Editorial | Konrad Mizzi must be held accountable

And while we understand that compiling evidence on possible corruption charges takes time, we hope that police investigations yield results


Eight years ago Konrad Mizzi lashed out at Nationalist ministers with cries of ‘shame on you’.

Now, a National Audit Office report suggests that not only does the former minister fully deserve to have the same said about him; the country awaits a full investigation to establish his responsibility - if any - in the country’s major corruption scandals of the past eight years.

In a show of utter contempt for the NAO’s verification process of the multi-million Vitals Global Healthcare concessions, Mizzi refused to discuss his pivotal role in the concession, a report tabled in parliament on Tuesday afternoon revealed.

“Mizzi’s failure to attend to the several requests made by the NAO constituted a serious failure on his part in terms of the level of accountability expected of a former minister of government and in terms of the standard of good governance that ought to have characterised a project as material and as important to the national health services as was this.”

It is ironic that the same man who claimed the moral high ground and who - rightly - demanded accountability from the PN, has descended into the pits.  For in any functioning democracy, ministers are duty bound to face the scrutiny of all public authorities, let alone the constitutionally-appointed NAO, which is specifically set to up to ensure that public money is well spent and accounted for.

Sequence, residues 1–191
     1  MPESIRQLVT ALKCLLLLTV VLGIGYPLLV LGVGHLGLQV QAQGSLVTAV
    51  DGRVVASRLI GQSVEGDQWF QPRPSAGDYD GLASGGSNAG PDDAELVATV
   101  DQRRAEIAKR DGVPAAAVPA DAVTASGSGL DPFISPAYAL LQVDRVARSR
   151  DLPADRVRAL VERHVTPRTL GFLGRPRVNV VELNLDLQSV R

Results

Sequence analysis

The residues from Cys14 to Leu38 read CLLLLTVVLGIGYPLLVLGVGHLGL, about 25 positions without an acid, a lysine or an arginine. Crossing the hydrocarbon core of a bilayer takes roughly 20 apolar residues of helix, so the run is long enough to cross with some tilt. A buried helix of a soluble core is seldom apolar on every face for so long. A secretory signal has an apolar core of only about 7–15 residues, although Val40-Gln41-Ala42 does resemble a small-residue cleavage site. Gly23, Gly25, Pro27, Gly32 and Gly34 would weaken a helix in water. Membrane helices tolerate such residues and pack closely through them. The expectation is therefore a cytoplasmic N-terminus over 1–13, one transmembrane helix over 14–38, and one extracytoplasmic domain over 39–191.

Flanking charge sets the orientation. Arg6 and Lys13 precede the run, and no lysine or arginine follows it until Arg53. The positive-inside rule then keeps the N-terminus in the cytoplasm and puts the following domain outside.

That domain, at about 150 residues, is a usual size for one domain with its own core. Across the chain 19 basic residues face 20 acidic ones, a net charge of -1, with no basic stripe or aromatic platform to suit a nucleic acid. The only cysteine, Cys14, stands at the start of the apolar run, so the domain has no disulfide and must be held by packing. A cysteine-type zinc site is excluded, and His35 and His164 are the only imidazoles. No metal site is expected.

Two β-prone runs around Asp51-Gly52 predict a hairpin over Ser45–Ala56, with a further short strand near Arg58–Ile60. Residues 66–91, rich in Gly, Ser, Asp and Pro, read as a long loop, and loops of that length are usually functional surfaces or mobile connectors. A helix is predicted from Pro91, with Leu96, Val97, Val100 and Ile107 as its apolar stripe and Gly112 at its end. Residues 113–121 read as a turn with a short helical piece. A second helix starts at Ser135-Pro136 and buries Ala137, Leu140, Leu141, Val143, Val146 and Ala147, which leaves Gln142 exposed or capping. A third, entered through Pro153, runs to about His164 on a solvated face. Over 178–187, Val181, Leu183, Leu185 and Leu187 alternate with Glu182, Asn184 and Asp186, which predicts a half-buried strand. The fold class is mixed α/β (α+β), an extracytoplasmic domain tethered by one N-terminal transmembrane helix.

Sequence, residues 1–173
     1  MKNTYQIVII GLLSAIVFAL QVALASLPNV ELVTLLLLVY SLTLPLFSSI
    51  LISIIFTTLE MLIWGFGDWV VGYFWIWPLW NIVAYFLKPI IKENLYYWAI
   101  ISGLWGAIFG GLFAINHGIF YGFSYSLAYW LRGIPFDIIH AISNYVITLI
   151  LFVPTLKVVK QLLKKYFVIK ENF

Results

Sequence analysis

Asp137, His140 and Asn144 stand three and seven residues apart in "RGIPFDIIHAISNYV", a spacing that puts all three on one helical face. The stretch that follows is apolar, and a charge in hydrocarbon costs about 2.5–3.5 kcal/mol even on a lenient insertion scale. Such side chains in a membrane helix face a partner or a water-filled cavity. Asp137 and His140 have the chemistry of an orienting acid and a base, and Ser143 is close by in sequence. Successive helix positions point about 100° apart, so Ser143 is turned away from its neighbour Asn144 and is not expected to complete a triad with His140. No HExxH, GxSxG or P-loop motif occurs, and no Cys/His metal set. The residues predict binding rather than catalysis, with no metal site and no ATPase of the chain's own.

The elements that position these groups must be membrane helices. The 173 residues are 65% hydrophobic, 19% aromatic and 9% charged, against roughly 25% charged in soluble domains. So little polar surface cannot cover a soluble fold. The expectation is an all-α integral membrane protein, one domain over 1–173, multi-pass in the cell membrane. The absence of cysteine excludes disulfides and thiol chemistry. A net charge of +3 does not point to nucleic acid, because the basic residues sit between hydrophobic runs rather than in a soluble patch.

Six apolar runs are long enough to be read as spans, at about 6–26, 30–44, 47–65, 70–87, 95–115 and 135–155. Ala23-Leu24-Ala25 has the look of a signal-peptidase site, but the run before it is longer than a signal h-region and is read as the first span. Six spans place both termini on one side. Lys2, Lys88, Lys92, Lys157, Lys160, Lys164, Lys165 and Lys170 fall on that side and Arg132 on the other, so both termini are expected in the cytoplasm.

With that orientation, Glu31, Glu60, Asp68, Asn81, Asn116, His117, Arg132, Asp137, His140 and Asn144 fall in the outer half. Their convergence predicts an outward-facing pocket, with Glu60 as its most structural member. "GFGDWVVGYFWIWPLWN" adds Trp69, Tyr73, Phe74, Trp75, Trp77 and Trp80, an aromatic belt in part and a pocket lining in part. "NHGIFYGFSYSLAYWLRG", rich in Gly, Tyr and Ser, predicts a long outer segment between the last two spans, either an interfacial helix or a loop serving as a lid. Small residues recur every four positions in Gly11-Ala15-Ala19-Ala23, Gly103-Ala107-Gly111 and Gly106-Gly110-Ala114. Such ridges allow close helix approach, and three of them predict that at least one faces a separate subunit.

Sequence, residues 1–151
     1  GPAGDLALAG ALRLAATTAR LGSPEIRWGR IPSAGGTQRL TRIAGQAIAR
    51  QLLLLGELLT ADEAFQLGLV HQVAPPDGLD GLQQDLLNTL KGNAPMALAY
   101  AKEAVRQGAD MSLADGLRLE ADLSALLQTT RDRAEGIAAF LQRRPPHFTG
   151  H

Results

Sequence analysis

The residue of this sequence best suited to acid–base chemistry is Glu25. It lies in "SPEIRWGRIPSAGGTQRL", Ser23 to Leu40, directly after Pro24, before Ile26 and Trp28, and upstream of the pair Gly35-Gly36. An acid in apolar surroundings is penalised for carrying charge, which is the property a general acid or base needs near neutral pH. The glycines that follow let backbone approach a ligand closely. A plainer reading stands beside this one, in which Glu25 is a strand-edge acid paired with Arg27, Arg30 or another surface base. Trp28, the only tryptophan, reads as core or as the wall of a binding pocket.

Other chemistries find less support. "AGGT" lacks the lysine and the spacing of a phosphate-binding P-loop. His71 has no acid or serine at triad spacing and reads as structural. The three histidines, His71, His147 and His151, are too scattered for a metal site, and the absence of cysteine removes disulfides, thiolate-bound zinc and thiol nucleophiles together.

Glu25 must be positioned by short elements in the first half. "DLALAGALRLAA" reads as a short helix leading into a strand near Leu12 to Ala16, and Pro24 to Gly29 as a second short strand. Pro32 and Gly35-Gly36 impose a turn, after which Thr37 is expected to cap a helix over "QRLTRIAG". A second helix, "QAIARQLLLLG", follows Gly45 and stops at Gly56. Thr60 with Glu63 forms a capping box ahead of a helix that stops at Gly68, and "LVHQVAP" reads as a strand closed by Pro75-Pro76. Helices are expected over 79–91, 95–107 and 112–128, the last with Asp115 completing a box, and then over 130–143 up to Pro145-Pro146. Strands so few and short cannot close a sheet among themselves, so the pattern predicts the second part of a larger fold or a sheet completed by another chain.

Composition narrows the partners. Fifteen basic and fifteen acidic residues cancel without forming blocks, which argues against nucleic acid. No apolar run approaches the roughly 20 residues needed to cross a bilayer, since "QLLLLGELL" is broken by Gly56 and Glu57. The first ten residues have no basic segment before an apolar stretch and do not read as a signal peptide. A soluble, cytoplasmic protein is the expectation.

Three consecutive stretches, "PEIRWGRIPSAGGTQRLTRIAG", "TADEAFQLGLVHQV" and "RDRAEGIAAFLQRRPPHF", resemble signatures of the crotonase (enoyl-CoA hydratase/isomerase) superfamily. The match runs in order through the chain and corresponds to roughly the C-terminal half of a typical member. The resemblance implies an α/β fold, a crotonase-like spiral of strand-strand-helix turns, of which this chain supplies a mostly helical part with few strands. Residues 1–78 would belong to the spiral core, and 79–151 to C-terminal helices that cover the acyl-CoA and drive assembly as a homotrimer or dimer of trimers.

Mizzi’s refusal to cooperate with the NAO amounts to a betrayal of trust in the people who elected him and whose tax money was used in a deal which defies common sense.

Moreover Mizzi’s contempt for institutional scrutiny is becoming his trademark. Only last month he repeatedly absented himself from parliament’s Public Accounts Committee hearings with regards to the Electrogas deal, using the flimsy excuse that his lawyer could not make it.  And when he did attend he showed all the signs of megalomania, speaking about his accomplishments and ignoring the fact that he is now best known in Malta for his Panama company and his shady dealings.

The VGH deal which saw public hospitals being sold to a company whose owners were still a mystery at the time, crowns his track record of opaqueness.

Mizzi was health minister when negotiations with the VGH commenced, he was a member of the Steering Committee tasked with overseeing the concession, and he was the signatory representing government on all contracts entered into with VGH.

The NAO said the negotiations between the Muscat administration and Vitals remained opaquely concealed to the auditors, due to a lack of documentation kept and conflicting accounts.

But the most worrying aspect of the NAO report is the suggestion that the deal was negotiated in a way which benefitted those profiting from it, rather than the Maltese taxpayer.

The NAO said the Labour administration quickly revised VGH’s deliverables, in a way that was “consistently adverse to government, with a significant reduction in services without any change in the compensation due.”

What is sure by now is that Mizzi’s fingerprints are now found on so many suspicious deals including the infamous €100 million clause obliging government to compensate VGH’s successor, Steward Healthcare.

His association with 17 Black owner Jorgen Fenech also came to light recently in chats in which Fenech contacted Mizzi in March 2019, saying “Let’s do this bloody ITS my friend”.

Apart the link between his secret Panama company with Fenech’s 17 Black, Mizzi is also linked to controversial land transfers through Projects Malta.

And while we understand that compiling evidence on possible corruption charges takes time, we hope that police investigations yield results.

But over and above this, there is a sense of political responsibility, which should be shouldered by the man who enabled and protected Mizzi, namely Joseph Muscat.

And while Robert Abela did the right thing by expelling Mizzi from the Labour parliamentary group, this does not absolve him from his duty to publically denounce both Mizzi and his predecessor for presiding over the pillage of public assets and resources.

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